A 33-year-old elected village head in India is transforming her village by not taking no for an answer.
[dropcap]C[/dropcap]hhavi Rajawat is a one-woman whirlwind as she seeks to drag her impoverished ancestral village in the desert state of Rajasthan into the 21st century. Rajawat, who spent her family holidays in sun-scorched Soda, became its sarpanch or elected village head three years ago, after dozens of villagers turned up at her home in state capital Jaipur imploring her to take charge.
“The villagers broke all caste, gender, and religious barriers to elect me,” said Rajawat, a glamorous 33-year-old whose 10,000 constituents are mostly farmers and laborers largely untouched by India’s economic boom.
The business school graduate ditched her corporate career with one of India’s biggest telecom firms to become sarpanch and has been working ever since to bring better water, solar power, paved roads, toilets, and a bank to her ancestral village.
Soda is a byword for backwardness in this remote corner of Rajasthan where the houses are made of mud, electricity supplies are erratic, literacy levels are below 50 percent, and the fear of drought is never far away. The villagers said there had been no progress since Rajawat’s brigadier grandfather, now in his 90s, had served as sarpanch two decades ago and they wanted someone else in the family to take on the role.
“I didn’t have a choice,” said a smiling Rajawat, who represented India at a recent U.N. poverty summit. Her story reveals the potential of good grassroots leadership in making a difference in a country plagued by corruption and inefficiency. It also shows the limitations.
‘India Must Go Faster’
Swarmed by villagers as she walks down the road, Rajawat greets them by name as they share family news and pepper her with questions about progress on various projects.
“Nobody has been able to do what she has done—no other sarpanch has done as much,” said 30-year-old farmer Jai Singh.
Rajawat was visiting a computer center in a no-frills stone structure that she set up with the help of a corporate sponsor. The spartan interior doesn’t bother the youngsters who tap away eagerly on keyboards on long trestle tables.
“It’s a huge opportunity for them to get some skills—there was nothing before,” said teacher Mohammed Sadeek, 25.
But Rajawat, who now divides her time between Soda and Jaipur, chafes impatiently at the sluggish pace of change. “India can’t keep advancing at the same slow rate—it must go faster. Otherwise we won’t be able to give people the schools, the electricity, the water and the jobs they need,” she said.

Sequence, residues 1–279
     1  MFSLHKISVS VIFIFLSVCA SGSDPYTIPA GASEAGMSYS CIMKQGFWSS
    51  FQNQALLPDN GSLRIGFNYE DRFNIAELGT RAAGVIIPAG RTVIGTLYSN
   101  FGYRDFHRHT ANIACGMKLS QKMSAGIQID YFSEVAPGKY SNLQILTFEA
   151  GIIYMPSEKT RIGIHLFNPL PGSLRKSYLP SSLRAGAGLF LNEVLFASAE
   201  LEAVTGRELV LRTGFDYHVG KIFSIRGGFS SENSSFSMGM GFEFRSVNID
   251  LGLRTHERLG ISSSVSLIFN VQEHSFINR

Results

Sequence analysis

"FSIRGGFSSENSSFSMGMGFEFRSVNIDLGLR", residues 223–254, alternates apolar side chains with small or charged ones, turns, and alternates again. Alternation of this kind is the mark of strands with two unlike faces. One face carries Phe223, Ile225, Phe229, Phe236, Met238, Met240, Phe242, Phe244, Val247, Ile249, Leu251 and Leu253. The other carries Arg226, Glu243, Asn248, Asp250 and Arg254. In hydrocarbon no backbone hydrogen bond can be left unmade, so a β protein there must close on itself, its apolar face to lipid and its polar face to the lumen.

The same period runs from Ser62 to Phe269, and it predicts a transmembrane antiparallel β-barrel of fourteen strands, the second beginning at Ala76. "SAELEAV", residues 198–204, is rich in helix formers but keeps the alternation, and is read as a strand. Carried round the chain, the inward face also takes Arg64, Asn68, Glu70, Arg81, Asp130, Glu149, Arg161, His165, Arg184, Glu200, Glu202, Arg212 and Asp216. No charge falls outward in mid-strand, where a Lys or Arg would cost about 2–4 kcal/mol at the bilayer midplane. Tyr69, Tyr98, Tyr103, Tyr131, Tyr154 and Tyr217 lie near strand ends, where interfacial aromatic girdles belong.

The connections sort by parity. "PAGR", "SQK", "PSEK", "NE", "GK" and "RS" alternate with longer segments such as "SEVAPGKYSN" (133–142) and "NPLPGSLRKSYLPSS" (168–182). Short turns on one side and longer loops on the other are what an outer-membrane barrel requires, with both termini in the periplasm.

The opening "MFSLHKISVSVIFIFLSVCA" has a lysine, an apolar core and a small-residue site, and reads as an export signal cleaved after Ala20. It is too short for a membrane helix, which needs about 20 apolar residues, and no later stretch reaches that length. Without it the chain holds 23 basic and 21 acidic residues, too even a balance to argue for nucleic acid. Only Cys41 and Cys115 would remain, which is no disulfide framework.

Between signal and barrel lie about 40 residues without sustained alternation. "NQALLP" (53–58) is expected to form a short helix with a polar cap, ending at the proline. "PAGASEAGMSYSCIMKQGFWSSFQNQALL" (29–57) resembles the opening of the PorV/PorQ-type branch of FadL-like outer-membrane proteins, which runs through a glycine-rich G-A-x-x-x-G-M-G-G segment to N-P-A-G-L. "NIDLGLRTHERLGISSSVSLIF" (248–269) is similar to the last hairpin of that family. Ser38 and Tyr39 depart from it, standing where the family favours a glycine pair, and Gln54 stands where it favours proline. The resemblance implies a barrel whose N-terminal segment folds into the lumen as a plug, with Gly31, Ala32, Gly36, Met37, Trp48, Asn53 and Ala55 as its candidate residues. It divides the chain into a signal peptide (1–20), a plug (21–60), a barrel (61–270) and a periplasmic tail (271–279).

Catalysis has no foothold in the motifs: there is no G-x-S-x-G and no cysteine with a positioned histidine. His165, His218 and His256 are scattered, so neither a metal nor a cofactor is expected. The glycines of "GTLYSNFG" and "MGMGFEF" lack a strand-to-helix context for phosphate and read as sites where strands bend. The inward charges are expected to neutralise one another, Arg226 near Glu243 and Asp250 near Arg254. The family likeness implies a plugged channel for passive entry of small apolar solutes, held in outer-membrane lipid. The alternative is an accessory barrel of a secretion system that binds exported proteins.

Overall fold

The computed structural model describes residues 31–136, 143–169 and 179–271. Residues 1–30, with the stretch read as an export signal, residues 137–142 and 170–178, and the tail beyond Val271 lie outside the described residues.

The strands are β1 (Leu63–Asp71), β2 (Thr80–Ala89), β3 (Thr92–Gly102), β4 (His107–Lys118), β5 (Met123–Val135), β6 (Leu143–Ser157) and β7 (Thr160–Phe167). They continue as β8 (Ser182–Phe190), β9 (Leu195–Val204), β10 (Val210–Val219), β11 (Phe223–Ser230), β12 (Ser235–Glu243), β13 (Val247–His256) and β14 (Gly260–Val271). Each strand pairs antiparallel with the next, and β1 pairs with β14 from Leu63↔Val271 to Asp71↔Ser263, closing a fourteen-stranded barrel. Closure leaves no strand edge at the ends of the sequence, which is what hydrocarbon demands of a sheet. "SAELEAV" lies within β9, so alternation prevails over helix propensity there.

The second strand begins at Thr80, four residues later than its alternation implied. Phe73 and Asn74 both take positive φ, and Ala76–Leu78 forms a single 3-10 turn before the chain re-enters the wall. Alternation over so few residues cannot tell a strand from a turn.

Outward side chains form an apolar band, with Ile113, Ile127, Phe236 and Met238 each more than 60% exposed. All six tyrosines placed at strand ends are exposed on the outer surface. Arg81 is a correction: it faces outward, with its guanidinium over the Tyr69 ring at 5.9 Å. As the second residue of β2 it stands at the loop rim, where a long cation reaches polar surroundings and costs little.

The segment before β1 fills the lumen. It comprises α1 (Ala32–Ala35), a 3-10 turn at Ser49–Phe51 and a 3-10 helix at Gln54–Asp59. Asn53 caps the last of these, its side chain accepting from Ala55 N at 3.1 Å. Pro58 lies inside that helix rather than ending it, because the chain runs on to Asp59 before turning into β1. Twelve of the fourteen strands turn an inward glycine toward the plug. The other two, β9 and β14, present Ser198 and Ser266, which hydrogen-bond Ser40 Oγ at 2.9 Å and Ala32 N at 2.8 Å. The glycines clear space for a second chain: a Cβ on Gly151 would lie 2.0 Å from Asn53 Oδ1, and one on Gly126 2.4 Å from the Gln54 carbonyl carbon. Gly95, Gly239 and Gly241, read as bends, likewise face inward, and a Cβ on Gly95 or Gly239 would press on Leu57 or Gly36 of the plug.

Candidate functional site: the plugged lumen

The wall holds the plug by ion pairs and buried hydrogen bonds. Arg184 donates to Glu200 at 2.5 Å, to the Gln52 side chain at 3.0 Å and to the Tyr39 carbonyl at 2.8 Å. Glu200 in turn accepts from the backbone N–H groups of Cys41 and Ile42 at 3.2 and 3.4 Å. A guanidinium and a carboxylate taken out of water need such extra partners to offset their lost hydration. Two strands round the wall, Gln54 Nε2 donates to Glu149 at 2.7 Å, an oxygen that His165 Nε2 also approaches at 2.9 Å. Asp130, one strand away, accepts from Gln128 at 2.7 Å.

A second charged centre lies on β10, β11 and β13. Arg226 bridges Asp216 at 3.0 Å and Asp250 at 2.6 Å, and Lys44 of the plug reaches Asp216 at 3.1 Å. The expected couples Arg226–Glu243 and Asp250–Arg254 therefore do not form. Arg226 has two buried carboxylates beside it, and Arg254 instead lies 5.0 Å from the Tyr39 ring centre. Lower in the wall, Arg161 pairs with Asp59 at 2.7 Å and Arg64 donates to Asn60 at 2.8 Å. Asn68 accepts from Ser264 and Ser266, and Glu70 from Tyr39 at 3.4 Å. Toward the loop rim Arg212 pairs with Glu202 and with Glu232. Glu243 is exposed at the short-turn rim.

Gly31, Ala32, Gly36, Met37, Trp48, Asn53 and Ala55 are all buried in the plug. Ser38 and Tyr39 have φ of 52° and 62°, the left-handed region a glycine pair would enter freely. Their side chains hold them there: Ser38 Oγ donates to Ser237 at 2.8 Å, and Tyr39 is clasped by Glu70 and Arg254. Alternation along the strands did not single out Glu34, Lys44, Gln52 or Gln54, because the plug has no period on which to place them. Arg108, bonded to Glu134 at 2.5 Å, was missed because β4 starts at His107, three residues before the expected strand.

She was also checking on the progress of a scheme equipping primitive homes with toilets, which have made a big difference to locals who earlier had to relieve themselves outside—and the women only after darkness set in.
There are many women elected as village heads in India because a number of these posts are reserved for them. But what sets Rajawat apart—aside from her iPhone, big-rimmed sunglasses, blue jeans, and youth—is her education. She holds a master’s degree in business administration from the Indian Institute of Modern Management in Pune, rated one of the nation’s top 10 business schools, which she says helps her draft funding plans and proposals.
“She’s unique. We need her kind of people, they are a breath of fresh air, they have vision,” said government district collector Muktanand Agarwal.
Among the achievements is her arrangement for medical checks of villagers by doctors from the state capital Jaipur, a bone-jolting two-hour drive away. She also organized the opening of the first bank in Soda—a branch of the state-run State Bank of India—a significant success as 90 percent of India’s 600,000 villages have no banks.
But all that change doesn’t come without raising some local hackles. When she constructed a drinking water reservoir that has created a shimmering blue lake in the middle of the village, she got her first taste of the bureaucratic hurdles that have repeatedly thwarted her.
“I was told we could not use government machinery to clean up reservoirs. Finally, [the government] told me to do it on my own,” she said. And that’s what she did—raising money from friends, family, and companies to fund many of her projects.
Baskar Petshali, secretary of a local welfare charitable trust, says her problems stem from the fact that “she’s a clean politician,” one who refuses to give bribes to get jobs done. A senior state government official, speaking on condition of anonymity, called Rajawat’s initiatives “praiseworthy” but added she “wants do things very quickly—she treads on toes and upsets vested interests.”
Rajawat is hopeful better leadership will come with the Indian government’s new drive to make lists of services and funds available on the Internet. “If everything is online, people will start demanding accountability from their politicians,” she said.
She has not decided whether she will continue in development work once her five-year term ends, but she is hoping her example will inspire other educated young people to take time out to serve their communities. “Your roots are your foundation. You have to start at the bottom to make a difference—and there is so much left to do.”